Environment charities have welcomed the publication on Friday of Scotland’s Agriculture and Rural Communities Bill, and have called on the Scottish government to introduce a radical new farm funding system to help the industry reduce climate emissions and restore biodiversity.
The charities, who launched the Farm for Scotland’s Future campaign in 2022 alongside farmers’ groups, want at least three quarters of public spending on farming to support methods that restore nature and tackle climate change as well as producing food.
The Agriculture and Rural Communities Bill will require Ministers to produce a code of practice for ‘sustainable and regenerative agriculture’. But campaigners say that to meet its own targets to cut emissions and restore Scotland’s nature, the Scottish government must shift spending on farming so that it incentivises and supports sustainable farming, and move away from payments per hectare which disproportionately benefit large landowners.
Figures released in June showed that climate emissions from agriculture have risen to make it Scotland’s second biggest source of emissions. Current methods also make farming a major cause of nature loss.
Deborah Long, chief officer of Scottish Environment LINK, said today:
“Farming and crofting have a vital role to play in tackling climate change and restoring Scotland’s nature, as well as producing food. We need to transform the way Scotland farms, and we need our farm funding system to reflect those expectations.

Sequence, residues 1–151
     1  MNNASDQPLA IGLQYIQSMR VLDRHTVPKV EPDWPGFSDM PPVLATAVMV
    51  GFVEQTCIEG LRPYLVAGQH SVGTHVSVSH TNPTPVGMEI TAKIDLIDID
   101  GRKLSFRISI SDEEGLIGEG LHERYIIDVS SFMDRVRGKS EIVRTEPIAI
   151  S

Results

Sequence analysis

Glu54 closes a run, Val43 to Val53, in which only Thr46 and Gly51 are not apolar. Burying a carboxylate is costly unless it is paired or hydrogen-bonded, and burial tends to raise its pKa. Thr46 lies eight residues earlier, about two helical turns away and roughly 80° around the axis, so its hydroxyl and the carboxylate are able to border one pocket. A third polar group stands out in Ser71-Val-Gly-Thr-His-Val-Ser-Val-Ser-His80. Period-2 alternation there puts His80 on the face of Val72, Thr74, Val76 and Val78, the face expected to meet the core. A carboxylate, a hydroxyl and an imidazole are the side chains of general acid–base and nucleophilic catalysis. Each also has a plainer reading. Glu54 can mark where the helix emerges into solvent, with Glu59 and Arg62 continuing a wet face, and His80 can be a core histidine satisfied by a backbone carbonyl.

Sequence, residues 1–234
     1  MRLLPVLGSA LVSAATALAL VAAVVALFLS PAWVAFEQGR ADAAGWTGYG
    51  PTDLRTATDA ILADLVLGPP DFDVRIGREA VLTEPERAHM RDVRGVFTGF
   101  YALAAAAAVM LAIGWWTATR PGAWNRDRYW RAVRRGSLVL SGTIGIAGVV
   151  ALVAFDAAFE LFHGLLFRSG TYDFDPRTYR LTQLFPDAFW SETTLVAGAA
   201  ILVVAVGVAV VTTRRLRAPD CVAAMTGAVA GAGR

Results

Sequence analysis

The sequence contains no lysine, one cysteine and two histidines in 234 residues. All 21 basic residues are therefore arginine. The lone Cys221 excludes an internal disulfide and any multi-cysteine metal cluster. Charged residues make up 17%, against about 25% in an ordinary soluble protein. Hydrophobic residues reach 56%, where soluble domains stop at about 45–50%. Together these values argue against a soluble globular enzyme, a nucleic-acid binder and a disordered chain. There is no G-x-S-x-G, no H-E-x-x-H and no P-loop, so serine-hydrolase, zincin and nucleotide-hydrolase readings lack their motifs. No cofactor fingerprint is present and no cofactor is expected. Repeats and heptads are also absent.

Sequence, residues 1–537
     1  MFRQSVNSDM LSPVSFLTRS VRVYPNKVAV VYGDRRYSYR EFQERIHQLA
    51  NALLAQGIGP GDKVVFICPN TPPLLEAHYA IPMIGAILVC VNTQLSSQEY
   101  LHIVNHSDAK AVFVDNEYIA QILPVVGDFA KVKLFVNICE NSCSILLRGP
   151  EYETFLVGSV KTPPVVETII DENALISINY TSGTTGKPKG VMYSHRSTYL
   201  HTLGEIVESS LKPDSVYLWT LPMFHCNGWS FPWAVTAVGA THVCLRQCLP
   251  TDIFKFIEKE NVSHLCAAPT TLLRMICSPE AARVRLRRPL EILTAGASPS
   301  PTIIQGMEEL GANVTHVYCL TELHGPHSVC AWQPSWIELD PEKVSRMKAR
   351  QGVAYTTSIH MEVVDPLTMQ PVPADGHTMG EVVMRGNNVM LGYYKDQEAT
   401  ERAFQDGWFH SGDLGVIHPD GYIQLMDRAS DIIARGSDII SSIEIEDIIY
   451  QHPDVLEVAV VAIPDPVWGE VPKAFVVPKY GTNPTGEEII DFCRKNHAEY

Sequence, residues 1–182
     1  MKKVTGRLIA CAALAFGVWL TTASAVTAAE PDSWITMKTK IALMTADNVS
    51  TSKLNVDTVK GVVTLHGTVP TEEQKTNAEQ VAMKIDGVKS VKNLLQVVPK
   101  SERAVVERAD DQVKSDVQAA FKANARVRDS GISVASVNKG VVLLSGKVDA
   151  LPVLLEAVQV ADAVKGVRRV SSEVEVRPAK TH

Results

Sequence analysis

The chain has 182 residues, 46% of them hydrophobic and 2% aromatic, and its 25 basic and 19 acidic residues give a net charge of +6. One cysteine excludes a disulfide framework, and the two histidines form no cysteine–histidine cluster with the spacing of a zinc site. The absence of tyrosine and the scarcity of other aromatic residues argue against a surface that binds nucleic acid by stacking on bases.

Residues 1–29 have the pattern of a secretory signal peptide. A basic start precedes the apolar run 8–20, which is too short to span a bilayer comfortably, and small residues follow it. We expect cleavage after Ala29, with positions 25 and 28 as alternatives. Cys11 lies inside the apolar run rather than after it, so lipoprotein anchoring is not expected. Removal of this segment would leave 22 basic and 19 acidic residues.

“The current system was designed for a different era, and it’s woefully inadequate for the challenges we face today. A system that pays people based on the amount of land they farm, and not what they do with it, should be consigned to history.
“A radical new approach is needed to help all farmers and crofters make the transition to sustainable farming and to support the many different ways they can increase biodiversity on farms and reduce emissions.
“The Agriculture and Rural Communities Bill is a welcome step towards creating a better system, and we’re pleased to see the commitment to a Rural Support Plan, which will provide certainty for rural businesses with its programming periods. But the way funding is distributed in the new system will be key. We look forward to engaging with MSPs on this bill to help ensure that the new system supports farming methods that work for nature, climate and people.”
Image: Oystercatcher © Ian Francis (rspb-images.com)